I've read in this paper (doi:10.1038/nature07871) that in the context of quantum mechanics, $\rm SU(2)$ symmetry leads to the conservation of spin polarization, or in other words invariance with respect to the rotation of the electron’s spin leads to such conservation. I'm very new to the subject, hence, my question is, what exactly does one mean with invariance with respect to the rotation? Most importantly, how can I picture/ draw in my mind ( if possible at all) the statement " invariance with respect to the rotation of the electron’s spin"?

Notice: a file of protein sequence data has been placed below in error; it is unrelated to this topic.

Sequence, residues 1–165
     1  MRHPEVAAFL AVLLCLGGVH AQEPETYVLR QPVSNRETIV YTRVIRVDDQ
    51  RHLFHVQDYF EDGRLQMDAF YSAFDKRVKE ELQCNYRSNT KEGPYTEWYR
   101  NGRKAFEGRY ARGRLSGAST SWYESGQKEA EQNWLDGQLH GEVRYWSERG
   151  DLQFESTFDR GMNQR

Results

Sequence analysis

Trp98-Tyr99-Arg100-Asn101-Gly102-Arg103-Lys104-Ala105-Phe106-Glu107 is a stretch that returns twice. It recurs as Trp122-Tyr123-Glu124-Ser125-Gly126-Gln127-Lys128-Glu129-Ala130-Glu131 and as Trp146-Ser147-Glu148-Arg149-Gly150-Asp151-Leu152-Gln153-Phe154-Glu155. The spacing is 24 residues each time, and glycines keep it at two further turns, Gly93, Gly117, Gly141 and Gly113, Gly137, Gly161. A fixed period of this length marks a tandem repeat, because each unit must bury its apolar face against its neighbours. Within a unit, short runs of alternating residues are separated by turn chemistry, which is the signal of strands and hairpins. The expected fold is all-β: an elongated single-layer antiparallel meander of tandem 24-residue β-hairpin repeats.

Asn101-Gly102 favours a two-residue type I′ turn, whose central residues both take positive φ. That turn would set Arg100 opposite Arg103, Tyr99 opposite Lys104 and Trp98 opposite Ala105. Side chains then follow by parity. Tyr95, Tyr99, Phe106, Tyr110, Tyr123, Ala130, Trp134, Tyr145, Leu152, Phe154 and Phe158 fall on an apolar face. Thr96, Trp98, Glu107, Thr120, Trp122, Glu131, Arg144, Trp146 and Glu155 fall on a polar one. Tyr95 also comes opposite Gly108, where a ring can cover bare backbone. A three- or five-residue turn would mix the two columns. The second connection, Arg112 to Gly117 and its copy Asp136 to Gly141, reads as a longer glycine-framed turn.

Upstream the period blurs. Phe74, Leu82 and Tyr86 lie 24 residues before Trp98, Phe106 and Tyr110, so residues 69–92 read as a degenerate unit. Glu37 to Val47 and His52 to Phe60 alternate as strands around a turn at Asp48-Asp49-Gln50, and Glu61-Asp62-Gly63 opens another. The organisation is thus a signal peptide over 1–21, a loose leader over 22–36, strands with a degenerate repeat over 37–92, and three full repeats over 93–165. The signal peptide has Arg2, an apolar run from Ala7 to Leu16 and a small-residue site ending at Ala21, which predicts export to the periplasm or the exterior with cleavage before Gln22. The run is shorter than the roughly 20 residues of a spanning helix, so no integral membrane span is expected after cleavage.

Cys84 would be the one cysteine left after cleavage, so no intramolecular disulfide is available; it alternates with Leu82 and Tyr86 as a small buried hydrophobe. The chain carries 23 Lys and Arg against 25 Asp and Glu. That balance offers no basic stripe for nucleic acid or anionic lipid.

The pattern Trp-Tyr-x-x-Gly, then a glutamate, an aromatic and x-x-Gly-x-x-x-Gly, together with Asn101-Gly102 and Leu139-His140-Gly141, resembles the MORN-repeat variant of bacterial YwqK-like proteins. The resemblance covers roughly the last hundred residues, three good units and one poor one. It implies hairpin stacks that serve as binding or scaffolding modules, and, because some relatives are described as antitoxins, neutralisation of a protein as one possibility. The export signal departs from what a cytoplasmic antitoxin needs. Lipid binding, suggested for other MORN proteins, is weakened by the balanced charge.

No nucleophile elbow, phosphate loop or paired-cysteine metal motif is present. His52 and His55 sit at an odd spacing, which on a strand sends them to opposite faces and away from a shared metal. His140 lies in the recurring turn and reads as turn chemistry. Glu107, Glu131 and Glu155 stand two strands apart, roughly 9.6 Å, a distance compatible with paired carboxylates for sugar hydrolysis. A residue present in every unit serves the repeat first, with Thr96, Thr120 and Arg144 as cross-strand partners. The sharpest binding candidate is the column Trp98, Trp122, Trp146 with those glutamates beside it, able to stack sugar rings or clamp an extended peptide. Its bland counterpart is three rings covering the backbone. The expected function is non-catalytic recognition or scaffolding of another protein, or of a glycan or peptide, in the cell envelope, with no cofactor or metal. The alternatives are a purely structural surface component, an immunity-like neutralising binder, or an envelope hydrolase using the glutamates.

My question is derived from this specific part of the paper.
"According to Noether’s theorem1, for every symmetry in nature there is a corresponding conservation law. For example, invariance with respect to spatial translation corresponds to conservation of momentum. In another well-known example, invariance with respect to rotation of the electron’s spin, or $\rm SU(2)$ symmetry, leads to conservation of spin polarization. For electrons in a solid, this symmetry is ordinarily broken by spin–orbit coupling, allowing spin angular momentum to flow to orbital angular momentum. However, it has recently been predicted that $\rm SU(2)$ can be achieved in a two-dimensional electron gas, despite the presence of spin–orbit coupling2."